Feminism

Why Sarah Silverman’s Super Bowl Ad is a Telling Moment for Feminism

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This past Sunday, “the lord’s prayer read and the anthem sang,” America celebrated our god-given right to have sports. A robot lion was ridden by a pop star, a “pig skin” was fought over, geographic allegiances were tested and some form of chili was consumed by reportedly 55% of Americans. All routine events in Super Bowl history. What was not expected was for Sarah Silverman to make a feminist jab right in the middle of one of the Superbowl’s equally beloved, million dollar commercials. Now the internet spews forth anti-feminist hatred, from women and men, only to prove how necessary Silverman’s joke really was.

The T-mobile ad in question featured Silverman, and fellow comedian Chelsea Handler, having a hyperbolic battle of cell phone reception. In one scene Silverman calls from her underground delivery room, offhandedly deadpanning, “Sorry, it’s a boy,” as she hands off a baby to a new mom. And apparently that was going just too far, too far indeed.

If we’ve learned anything in the 21st century thus far, it should be Newton’s Third Law of the internet, which is that for every action made to promote something like equality, there will be a scary, backwards reaction from a lot of people with Twitter. For that reason, reading a bunch of grown men tweeting things like “well done t-mobile for sponsoring misandry and marginalizing males,” and “‘Sorry it’s a boy’ this is why people punch you in the face in movies, @SarahKSilverman #SuperBowl,” is scary, but pretty normcore at the same time. What is actually very terrifying however is the amount of women who disagree with the ad, and have banded together to defend the male sex.

It only took a few keystrokes to end up cow-eyed, glazing over in fear at the accounts and hashtags dedicated to “women against feminism,” putting down SJW feminists (“social justice warrior” feminists) or something having to do with “drinking male tears” that I really can’t get to the bottom of. Conservative talk radio host Dana Loesch tweeted, “We have #likeagirl and #sorryitsaboy. Can we stop trying to destroy our boys’s self esteem now? Jerks.” What the gun-wielding, grammatically irreverent personality is also referring to here is the Always commercial that aired during the game as well. The ad attempts to reclaim the antiquated insult of doing something “like a girl,” and instead make it a positive mantra. Apparently Loesch equates promoting self esteem in our girls as destroying the same in our boys.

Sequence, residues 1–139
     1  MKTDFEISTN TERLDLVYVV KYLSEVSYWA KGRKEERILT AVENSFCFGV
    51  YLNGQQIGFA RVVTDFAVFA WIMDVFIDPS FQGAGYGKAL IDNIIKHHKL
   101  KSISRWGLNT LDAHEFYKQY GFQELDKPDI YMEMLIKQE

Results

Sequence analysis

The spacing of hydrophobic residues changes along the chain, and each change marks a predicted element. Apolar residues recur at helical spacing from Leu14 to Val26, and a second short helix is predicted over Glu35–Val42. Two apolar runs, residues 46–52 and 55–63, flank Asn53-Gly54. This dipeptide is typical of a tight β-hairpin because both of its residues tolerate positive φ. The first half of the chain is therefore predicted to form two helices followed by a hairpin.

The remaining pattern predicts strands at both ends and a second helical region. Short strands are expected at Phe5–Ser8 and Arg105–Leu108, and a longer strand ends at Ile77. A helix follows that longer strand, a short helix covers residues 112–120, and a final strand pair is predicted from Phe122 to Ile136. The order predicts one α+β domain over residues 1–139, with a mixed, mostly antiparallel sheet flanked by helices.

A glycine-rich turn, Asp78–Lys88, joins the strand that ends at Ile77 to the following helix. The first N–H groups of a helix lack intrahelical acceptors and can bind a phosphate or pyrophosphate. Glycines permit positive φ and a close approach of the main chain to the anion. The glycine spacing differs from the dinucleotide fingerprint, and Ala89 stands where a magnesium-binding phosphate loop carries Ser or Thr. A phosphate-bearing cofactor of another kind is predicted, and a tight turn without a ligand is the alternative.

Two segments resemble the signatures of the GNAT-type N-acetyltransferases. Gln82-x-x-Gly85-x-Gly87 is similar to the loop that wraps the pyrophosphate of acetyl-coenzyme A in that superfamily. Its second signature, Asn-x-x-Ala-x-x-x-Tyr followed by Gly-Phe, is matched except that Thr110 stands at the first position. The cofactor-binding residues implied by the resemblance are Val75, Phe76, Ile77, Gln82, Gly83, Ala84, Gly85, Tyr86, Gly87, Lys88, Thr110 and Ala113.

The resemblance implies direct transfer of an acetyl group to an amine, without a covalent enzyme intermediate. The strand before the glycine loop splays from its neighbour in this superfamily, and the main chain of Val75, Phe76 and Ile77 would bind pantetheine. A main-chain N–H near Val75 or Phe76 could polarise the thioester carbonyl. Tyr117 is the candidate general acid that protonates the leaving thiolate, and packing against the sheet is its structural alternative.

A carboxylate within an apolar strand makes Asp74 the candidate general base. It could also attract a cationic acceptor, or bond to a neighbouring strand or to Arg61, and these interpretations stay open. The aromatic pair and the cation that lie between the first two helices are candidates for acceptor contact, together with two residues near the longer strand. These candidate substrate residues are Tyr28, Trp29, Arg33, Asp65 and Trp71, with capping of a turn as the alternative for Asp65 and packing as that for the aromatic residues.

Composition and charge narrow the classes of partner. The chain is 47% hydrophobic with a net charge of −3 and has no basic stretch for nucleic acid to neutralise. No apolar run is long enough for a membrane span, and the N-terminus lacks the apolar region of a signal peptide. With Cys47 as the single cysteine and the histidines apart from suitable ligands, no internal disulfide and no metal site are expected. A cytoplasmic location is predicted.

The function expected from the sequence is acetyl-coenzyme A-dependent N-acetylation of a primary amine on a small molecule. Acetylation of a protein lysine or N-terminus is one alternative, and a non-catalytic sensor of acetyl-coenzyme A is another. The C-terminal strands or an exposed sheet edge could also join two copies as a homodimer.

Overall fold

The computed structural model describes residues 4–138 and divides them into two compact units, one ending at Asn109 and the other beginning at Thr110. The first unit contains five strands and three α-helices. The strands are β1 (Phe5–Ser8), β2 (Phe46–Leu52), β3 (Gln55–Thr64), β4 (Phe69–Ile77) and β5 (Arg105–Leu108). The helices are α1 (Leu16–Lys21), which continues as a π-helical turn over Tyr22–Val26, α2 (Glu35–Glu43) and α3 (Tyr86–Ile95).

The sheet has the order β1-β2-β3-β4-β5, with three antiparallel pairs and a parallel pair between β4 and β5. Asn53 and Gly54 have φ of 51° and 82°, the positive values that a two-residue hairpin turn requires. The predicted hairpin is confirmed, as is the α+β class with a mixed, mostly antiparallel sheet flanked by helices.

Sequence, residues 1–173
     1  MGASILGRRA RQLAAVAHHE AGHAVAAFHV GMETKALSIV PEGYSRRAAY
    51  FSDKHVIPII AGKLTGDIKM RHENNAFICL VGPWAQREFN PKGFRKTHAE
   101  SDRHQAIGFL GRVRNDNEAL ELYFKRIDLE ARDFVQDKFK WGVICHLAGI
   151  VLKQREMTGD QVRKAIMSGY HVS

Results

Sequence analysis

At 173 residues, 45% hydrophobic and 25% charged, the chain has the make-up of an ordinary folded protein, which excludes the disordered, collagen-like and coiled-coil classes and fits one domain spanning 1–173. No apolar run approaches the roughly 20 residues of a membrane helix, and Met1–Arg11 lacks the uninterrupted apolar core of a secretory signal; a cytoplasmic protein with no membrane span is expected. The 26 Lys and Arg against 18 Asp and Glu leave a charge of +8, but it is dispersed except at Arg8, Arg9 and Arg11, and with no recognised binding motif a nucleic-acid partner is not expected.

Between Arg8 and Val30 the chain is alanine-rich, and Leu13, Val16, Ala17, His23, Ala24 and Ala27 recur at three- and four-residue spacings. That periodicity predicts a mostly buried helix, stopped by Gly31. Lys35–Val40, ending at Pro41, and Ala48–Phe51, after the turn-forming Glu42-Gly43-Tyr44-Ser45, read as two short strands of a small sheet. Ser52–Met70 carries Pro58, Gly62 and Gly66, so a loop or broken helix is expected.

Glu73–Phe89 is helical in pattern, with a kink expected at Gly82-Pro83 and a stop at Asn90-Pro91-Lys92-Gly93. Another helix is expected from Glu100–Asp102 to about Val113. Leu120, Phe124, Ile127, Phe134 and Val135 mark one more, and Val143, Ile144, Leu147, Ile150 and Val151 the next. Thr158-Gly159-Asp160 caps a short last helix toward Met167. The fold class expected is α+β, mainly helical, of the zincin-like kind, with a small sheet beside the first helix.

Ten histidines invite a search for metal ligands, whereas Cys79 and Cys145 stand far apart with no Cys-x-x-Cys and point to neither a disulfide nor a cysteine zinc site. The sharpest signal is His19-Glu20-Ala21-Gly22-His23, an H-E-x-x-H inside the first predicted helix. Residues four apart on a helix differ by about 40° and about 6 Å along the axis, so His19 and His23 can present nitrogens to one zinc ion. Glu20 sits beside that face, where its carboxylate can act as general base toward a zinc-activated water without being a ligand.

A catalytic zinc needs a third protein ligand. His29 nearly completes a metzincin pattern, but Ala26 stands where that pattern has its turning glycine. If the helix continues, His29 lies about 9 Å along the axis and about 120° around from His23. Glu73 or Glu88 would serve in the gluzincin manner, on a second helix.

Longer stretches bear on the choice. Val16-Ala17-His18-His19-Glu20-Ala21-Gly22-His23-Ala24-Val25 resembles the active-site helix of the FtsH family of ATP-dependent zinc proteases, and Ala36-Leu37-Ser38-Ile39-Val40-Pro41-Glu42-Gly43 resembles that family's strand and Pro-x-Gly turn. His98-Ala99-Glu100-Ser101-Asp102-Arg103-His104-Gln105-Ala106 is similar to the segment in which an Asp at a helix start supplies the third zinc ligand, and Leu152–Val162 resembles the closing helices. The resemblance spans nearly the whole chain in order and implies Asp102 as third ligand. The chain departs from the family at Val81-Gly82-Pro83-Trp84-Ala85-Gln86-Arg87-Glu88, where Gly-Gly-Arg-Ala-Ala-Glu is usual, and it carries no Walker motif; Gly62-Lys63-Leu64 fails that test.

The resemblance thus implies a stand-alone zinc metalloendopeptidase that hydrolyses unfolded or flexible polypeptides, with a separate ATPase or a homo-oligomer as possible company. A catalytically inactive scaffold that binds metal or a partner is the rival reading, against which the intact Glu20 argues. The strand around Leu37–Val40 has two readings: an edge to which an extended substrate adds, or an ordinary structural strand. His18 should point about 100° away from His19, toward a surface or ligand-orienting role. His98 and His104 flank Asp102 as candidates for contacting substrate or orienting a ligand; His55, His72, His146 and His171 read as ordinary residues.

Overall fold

I could go on in perpetuity about all of the antifeminist assholes I found on Twitter today, but I’d rather not give their ignorance a bigger platform. Instead it’s more important to discuss the reactions in support of the ad. I can admit that even my feminist ears perked up during the commercial. I looked at my boyfriend and said, “That was a really big fucking deal.” And as evidenced by all of the Twitter nonsense, it absolutely was. People allowed to speak in more than 140 characters have rightfully taken to the internet to defend the ad, but they’re using the defense that it was just a joke, “a great little Easter egg of playful misandry.” We’re never going to get anywhere with feminism if we use the same defense made by sexist men to defend what is actually a profound statement for our culture.

It’s not happenstance that a household name of a celebrity would be willing to make a pointed feminist joke in a commercial for a corporate giant, airing during the biggest advertisement event of the year. Silverman wasn’t self promoting, amplifying her brand, just making a joke or trying to one up Handler, she was using the fortuitous platform she was given to make a real point. Luckily she did it in a funny way, that should be able to be swallowed by everyone, feminist or not. But instead, a quip that highlights America’s huge issues with gender, can only be discussed as either not a big deal or preposterously offensive. Why can’t it be both funny and important instead?

Last time I checked, it was taking a whole lot of treading just to keep our feminist heads afloat in today’s murky sexist waters polluted with legislation that threatens to take away corporal agency, the wage gap, the campus rape epidemic and just general cat calling, “go ahead and smile, honey” trash. Now we can’t even have a commercial with a wink of feminism without having to defend it, albeit if the defense is counterintuitive. The conversation surrounding America’s engrained misogyny has reached a point where it no longer just pertains to feminists, but is participated in by celebrities, men, even children. we need to defend all of that support as important until one day it’s not even questioned. In the mean time, I, on behalf of all vaginas, sincerely apologize to any of America’s boys’s whose self esteem was damaged by the Super Bowl ad. I encourage you to pick yourself up, wipe away your tears and grow some fucking balls, the kind of balls it takes to be a woman in this world.